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Abule-Egba in danger…!

By Sulaimon Salau   |   10 June 2016   |   3:50 am
The street where fuel is allegedly scooped and sold

The street where fuel is allegedly scooped and sold

• Residents live on petrol-contaminated water
• Fuel sold from overhead tanks

The disaster of December 26, 2006 explosion that killed over 700 people appears to be fading into distant memories among residents of Abule Egba area of Lagos State.

But for the few who still feel traumatised by the gory scenes of the tragedy, they have raised the alarm over indiscriminate spillage of fuel from the Nigerian National Petroleum Corporation (NNPC) pipelines that run through the community.

The NNPC System 2B pipe that runs from Atlas Cove to Ejigbo depot and onward to Mosinmi depot in Ogun State is laid through the area claiming a Right of Way (RoW) on Segun Akinola Street through Baale Bakare Way in Awori bus stop, Abule Egba.

Community leaders are pointing accusing fingers at the landlord of a one-storey building on Lagos-Abeokuta Expressway and his sister, who have found solace in making illicit brisk business from the large deposit of Premium Motor Spirit (PMS) in his well.

While many of the residents have their wells contaminated by oil spillage, there seems to be an unusual deposit of petrol in the identified building or an outright vandalisation of the pipelines to scoop fuel.

During the day, there is nothing that suggest any untoward activities in the area until at night when under the cover of darkness, petrol is scooped into jerry cans of various sizes and loaded into vehicles to unknown destination.

Fuel is also sold lesser than the official rate of N145 per litre to residents of the area based on the buyer’s bargaining power.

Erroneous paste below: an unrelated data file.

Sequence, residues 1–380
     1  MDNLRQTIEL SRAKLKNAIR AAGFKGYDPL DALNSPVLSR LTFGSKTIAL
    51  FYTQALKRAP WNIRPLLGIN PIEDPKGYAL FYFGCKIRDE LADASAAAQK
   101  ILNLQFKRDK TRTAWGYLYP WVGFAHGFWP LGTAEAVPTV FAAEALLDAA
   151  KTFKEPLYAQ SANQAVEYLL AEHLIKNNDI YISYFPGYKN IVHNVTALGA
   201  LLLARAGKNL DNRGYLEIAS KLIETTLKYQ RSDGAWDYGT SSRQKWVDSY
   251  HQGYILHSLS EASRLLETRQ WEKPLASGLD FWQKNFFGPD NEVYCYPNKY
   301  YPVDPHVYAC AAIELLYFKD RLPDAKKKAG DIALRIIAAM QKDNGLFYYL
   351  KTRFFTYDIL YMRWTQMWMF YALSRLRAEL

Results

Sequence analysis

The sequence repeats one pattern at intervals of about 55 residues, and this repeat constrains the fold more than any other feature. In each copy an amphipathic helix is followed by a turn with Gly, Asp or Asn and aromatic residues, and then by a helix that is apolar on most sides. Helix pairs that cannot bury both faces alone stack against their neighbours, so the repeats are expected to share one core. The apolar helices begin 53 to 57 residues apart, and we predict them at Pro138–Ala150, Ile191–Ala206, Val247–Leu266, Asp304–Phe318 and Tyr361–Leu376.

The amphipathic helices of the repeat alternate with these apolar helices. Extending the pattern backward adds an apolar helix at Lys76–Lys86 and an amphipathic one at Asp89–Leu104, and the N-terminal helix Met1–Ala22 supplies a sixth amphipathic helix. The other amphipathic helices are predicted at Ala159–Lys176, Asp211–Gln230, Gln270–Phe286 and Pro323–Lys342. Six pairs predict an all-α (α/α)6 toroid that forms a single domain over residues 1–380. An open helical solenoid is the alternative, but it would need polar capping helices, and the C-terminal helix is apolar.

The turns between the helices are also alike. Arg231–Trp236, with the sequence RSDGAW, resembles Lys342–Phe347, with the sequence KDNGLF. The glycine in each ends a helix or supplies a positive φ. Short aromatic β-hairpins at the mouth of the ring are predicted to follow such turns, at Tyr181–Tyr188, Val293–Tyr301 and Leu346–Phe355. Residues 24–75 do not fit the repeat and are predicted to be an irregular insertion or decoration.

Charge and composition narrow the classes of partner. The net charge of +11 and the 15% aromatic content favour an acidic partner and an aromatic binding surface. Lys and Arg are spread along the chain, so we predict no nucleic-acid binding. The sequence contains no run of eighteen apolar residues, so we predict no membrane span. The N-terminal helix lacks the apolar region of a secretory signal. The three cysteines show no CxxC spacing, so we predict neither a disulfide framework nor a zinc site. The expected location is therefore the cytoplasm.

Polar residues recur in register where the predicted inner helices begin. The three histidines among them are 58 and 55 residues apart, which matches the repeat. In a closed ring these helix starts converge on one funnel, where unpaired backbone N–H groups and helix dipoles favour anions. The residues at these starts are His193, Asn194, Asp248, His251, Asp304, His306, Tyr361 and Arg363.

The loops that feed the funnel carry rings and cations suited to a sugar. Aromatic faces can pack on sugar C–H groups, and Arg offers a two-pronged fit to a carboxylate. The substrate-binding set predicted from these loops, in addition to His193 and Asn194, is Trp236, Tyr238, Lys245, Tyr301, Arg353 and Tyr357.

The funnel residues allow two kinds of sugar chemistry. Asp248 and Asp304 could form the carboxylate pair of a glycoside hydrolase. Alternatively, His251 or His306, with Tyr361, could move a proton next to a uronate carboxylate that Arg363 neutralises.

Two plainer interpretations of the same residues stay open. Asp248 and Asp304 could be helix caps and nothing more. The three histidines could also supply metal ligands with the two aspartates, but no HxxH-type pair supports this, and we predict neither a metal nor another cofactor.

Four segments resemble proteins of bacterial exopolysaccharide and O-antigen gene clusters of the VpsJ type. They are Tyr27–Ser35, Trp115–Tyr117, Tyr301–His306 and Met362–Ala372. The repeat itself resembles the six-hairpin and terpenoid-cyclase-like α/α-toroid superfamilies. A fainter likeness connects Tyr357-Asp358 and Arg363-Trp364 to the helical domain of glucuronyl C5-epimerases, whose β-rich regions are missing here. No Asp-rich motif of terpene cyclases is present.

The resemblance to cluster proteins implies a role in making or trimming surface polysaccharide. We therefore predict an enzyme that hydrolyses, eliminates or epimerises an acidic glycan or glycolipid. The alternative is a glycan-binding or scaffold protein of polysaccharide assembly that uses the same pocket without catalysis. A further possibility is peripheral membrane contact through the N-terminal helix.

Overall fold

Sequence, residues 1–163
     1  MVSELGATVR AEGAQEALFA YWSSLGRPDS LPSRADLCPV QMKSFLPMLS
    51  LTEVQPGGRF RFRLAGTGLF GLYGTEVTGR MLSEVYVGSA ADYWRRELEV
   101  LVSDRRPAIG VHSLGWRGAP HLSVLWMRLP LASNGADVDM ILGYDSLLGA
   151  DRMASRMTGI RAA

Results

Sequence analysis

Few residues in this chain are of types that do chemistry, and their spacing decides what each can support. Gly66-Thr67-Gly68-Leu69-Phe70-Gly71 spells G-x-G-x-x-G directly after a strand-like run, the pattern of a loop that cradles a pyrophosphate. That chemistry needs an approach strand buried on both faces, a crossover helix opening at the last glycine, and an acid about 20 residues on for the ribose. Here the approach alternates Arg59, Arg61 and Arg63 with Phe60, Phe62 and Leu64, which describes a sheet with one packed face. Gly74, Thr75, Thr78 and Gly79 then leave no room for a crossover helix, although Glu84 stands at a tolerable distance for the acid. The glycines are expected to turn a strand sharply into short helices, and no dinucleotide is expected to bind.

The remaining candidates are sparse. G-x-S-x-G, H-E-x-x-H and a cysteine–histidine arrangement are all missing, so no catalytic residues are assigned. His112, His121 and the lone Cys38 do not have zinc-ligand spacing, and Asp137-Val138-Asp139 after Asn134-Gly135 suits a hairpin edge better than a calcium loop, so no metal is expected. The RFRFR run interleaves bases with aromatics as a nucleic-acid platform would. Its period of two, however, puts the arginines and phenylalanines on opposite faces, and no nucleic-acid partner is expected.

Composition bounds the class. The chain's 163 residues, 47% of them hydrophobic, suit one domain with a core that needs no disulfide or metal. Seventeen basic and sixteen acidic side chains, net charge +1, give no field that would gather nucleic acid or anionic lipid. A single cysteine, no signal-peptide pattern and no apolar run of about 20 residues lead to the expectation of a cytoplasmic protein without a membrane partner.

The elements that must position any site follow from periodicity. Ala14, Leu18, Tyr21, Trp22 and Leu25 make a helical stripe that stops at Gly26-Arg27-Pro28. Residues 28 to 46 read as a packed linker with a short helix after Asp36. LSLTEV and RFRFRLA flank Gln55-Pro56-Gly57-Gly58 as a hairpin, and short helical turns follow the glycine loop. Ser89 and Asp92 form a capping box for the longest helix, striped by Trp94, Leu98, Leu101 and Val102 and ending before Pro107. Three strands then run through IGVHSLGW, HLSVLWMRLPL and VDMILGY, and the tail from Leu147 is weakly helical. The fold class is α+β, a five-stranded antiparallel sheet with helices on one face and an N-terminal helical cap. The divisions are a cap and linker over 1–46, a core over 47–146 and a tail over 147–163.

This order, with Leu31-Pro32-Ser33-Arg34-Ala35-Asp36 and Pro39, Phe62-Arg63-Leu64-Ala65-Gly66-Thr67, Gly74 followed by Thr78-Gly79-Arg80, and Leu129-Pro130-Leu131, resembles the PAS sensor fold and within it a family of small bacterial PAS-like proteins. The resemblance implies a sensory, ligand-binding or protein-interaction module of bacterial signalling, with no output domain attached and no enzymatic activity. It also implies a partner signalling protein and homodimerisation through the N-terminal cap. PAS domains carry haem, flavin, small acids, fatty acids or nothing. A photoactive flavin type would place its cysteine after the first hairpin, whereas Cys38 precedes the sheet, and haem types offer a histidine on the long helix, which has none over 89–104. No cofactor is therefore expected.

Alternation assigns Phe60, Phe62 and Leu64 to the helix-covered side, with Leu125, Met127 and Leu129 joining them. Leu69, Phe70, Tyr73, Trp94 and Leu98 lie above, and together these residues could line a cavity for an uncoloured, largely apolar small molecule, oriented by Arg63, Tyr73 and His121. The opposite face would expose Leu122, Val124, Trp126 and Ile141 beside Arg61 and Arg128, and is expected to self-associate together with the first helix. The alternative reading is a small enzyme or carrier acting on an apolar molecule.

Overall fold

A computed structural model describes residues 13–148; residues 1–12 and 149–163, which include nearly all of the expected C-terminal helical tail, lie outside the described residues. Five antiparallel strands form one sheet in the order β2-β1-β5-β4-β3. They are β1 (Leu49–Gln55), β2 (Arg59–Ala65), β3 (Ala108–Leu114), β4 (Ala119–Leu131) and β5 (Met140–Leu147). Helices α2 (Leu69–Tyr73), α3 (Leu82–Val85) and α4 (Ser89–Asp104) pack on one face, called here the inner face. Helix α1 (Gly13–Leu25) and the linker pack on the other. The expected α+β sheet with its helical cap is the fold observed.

The Guardian gathered that the ‘oil’ well, which was initially operated manually has been properly equipped with a more advanced technology to scoop fuel and it is always under lock and key to deny other tenants of the building of the ‘magic fuel’.

It was discovered that almost all the houses in that axis, including Oribamiwaola Mosque, GTBank, Wema Bank, and a Celestial Church of Christ parish have their water highly contaminated with fuel. In fact, workers at the banks, the Muslim faithful and their Christian counterparts are now wary of using the water from the wells, as they now resort to depending on sachet water for survival.

A resident, Ajayi Olatomi, told The Guardian that “all public water dealers are selling contaminated water except for one dealer called ‘Wonders Shall Never End’. That is where everybody that cares for clean water buys from. The irony is that the place is situated close to the right of way.”

Olatomi said the situation is worrisome because everybody in the area is now in a tensed mood with fears that another round of explosion could rock the place if action is not taken to fix the burst pipe and oil spillage.

“We have cried out to many government officials, including the NNPC, Nigerian police and the Nigeria Civil Defence Corps, but there has been no meaningful action taken to repair the damage till date,” he said.

When contacted, the spokesperson of the Pipelines Products Marketing Company (PPMC), Israel Edjerin, promised to mobilise its response team to take proper action on the matter, though nothing has been done as at press time.

Due to the construction works on the new bridge to be situated at Abule Egba junction, the right of way has been converted to a temporary alternative route to ease traffic on the axis.




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